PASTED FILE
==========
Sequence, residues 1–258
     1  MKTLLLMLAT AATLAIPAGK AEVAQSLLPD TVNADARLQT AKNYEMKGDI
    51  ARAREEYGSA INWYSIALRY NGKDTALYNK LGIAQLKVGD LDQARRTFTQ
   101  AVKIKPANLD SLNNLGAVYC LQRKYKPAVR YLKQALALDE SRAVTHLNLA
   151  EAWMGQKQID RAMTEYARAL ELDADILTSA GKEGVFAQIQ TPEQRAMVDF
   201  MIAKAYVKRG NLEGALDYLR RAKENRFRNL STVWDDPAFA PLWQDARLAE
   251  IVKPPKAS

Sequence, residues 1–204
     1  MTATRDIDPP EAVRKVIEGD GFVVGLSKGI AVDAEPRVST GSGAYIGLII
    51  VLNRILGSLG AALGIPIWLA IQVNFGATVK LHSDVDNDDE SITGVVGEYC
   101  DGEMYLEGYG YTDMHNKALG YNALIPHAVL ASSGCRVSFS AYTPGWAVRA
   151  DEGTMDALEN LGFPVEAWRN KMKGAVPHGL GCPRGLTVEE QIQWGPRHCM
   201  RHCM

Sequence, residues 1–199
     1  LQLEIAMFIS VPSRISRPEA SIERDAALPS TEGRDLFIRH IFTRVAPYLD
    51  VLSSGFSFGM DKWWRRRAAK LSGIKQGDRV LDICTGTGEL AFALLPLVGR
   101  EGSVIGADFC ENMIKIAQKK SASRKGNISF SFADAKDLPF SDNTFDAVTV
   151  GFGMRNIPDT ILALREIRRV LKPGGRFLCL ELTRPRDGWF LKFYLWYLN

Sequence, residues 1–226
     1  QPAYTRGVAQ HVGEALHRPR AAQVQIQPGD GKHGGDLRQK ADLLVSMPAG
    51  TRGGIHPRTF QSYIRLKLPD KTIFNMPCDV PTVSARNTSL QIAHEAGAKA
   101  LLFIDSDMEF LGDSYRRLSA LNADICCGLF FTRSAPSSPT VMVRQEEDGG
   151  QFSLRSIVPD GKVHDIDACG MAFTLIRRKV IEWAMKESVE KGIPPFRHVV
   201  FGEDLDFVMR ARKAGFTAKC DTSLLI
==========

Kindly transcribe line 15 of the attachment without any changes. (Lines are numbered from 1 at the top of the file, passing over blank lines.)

     1  LQLEIAMFIS VPSRISRPEA SIERDAALPS TEGRDLFIRH IFTRVAPYLD